Consolidating medical bills

If there is a charge your health care provider should pay, call the hospital and your insurance carrier so they can adjust your bill. Many insurers limit the time you have to question a benefit—usually 30 to 60 days. It’s no secret that insurance companies can give you the runaround when you question your bill.

Be prepared to hear the word “denial” and fight it.

Explain your situation to them in person, showing your income and what you can realistically pay.

Working with a debt consolidation company means that a representative will contact your creditors and negotiate on your behalf to find a way for you to pay back your debts, possibly with reduced interest rates and no late fees.

When you aren’t panicking, it’s easier to sort through the medical mess. Once you’ve collected your thoughts, you can focus on taking care of the debt. When you receive an invoice, check it for any overcharges or fees for services you didn’t use.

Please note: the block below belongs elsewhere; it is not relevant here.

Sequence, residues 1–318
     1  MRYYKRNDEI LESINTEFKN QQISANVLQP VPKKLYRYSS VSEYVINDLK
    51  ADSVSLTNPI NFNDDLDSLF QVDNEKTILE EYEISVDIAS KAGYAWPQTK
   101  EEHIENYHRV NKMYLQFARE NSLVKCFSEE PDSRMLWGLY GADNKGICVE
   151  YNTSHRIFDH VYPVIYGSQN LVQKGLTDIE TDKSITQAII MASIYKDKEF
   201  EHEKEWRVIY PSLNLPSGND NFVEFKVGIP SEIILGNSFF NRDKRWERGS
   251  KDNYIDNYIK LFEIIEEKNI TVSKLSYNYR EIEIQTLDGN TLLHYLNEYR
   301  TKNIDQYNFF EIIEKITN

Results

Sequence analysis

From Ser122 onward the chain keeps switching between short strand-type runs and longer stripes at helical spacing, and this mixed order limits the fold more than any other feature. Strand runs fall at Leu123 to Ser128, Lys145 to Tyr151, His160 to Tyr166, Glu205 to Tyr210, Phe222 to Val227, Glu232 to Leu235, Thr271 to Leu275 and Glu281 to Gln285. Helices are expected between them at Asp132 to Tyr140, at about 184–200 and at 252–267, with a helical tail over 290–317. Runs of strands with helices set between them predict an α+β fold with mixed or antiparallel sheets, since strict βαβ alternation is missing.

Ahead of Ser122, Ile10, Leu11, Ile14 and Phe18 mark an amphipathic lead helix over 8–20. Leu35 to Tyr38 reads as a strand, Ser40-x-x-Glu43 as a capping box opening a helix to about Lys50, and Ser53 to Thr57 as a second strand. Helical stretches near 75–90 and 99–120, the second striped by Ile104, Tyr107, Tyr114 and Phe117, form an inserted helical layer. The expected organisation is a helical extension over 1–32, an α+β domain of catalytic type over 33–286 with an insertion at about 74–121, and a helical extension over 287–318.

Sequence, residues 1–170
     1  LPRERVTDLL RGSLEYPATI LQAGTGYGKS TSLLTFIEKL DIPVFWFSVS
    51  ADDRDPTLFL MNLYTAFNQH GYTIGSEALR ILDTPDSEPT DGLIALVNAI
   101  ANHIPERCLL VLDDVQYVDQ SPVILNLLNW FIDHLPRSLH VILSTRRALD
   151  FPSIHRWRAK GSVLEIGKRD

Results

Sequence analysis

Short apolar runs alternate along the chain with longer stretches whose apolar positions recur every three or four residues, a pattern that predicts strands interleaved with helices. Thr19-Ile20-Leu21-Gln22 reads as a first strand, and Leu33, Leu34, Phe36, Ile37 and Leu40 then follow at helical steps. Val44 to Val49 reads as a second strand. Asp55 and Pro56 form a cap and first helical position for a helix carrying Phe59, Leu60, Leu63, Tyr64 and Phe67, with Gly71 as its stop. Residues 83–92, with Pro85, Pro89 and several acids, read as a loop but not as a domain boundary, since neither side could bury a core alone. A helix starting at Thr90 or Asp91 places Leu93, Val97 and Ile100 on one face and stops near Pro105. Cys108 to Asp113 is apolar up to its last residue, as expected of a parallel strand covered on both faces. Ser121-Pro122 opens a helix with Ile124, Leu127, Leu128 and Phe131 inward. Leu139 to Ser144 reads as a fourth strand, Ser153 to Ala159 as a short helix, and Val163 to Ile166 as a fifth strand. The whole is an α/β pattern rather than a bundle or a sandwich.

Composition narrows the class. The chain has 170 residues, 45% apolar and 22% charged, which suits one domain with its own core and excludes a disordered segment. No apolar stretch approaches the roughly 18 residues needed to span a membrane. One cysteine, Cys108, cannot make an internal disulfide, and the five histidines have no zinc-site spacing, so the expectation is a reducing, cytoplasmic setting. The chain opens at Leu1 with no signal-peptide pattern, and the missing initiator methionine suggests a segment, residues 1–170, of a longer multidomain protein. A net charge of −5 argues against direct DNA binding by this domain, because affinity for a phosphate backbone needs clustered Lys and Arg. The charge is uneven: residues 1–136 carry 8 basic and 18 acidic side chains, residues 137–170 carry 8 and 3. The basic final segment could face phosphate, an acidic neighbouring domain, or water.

For example, you may have been released from the hospital in the morning but were billed a full day’s rate for your room.

You may be able to get reimbursed for certain medical expenses. The hospital and your insurance provider may have missed some charges your policy covers.

Compare the codes on your hospital invoice with your insurer’s “explanation of benefits” material to see if there are any charges you aren’t liable for.

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